Helping others means sacrificing your time and energy. But if you’re humble, you don’t mind.
If a stranger asked for your help, how likely are you to jump in, regardless of how busy you are or how much your Good Samaritan act will interrupt your day?
Turns out that if you’re a humble person, you’re more likely to help. In the latest research on helping behavior, scientists found that humility is a major factor in determining whether you go out of your way to come to the aid of others, regardless of time and social pressures.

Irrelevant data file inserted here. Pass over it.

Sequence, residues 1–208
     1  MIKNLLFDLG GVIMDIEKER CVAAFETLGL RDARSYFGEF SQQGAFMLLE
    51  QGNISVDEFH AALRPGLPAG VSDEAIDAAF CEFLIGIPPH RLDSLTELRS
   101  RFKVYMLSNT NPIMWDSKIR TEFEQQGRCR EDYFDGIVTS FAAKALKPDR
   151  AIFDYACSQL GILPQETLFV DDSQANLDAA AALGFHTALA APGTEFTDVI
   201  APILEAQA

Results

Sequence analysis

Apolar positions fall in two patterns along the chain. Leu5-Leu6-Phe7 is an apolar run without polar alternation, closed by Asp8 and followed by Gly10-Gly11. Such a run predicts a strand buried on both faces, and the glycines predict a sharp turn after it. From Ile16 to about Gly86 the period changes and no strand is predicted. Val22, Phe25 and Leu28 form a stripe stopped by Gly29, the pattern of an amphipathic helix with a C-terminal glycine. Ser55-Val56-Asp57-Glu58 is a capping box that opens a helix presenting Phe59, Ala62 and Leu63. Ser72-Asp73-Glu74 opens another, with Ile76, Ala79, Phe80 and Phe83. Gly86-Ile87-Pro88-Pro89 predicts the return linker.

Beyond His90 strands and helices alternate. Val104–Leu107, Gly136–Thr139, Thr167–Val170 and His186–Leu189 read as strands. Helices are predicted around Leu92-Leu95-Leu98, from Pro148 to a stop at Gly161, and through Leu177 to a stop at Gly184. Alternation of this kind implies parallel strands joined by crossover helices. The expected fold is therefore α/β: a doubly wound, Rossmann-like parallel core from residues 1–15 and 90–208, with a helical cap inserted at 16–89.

That might not seem so surprising — after all, humble people are not egotistical or selfish, and therefore might be more inclined to pitch in. But humility is one of the first personality traits to be linked to helping behavior, and that’s significant because personality traits are broad and far-reaching contributors to behavior, and tend to take precedence over other factors, such as time and social pressures. If you’re late for work and you drive pass an elderly person on the side of the road with a flat tire, you’re not likely to stop and help, for example. Previous studies have found that another personality, agreeableness, may also contribute to Good Samaritan acts, but in the new study, humility appears to have a stronger influence on helping behavior.
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